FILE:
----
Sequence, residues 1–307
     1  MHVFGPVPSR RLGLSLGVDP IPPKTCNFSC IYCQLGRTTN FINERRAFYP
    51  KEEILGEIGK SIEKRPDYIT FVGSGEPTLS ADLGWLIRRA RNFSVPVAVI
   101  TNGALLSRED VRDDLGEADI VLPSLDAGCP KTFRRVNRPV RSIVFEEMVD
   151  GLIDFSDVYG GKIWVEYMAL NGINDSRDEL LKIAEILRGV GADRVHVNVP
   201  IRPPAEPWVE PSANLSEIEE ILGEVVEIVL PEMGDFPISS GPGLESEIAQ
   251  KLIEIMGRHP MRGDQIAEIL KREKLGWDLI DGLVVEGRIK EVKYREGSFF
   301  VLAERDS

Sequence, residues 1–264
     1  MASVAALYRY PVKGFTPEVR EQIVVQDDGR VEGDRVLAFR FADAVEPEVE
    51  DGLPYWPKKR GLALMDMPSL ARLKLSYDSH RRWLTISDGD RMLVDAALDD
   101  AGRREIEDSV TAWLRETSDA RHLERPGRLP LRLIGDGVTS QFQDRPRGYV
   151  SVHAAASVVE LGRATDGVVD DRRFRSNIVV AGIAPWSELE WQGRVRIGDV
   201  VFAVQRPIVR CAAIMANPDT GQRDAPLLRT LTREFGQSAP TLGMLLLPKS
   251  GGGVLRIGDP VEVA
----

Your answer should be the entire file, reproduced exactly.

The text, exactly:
Sequence, residues 1–307
     1  MHVFGPVPSR RLGLSLGVDP IPPKTCNFSC IYCQLGRTTN FINERRAFYP
    51  KEEILGEIGK SIEKRPDYIT FVGSGEPTLS ADLGWLIRRA RNFSVPVAVI
   101  TNGALLSRED VRDDLGEADI VLPSLDAGCP KTFRRVNRPV RSIVFEEMVD
   151  GLIDFSDVYG GKIWVEYMAL NGINDSRDEL LKIAEILRGV GADRVHVNVP
   201  IRPPAEPWVE PSANLSEIEE ILGEVVEIVL PEMGDFPISS GPGLESEIAQ
   251  KLIEIMGRHP MRGDQIAEIL KREKLGWDLI DGLVVEGRIK EVKYREGSFF
   301  VLAERDS

Sequence, residues 1–264
     1  MASVAALYRY PVKGFTPEVR EQIVVQDDGR VEGDRVLAFR FADAVEPEVE
    51  DGLPYWPKKR GLALMDMPSL ARLKLSYDSH RRWLTISDGD RMLVDAALDD
   101  AGRREIEDSV TAWLRETSDA RHLERPGRLP LRLIGDGVTS QFQDRPRGYV
   151  SVHAAASVVE LGRATDGVVD DRRFRSNIVV AGIAPWSELE WQGRVRIGDV
   201  VFAVQRPIVR CAAIMANPDT GQRDAPLLRT LTREFGQSAP TLGMLLLPKS
   251  GGGVLRIGDP VEVA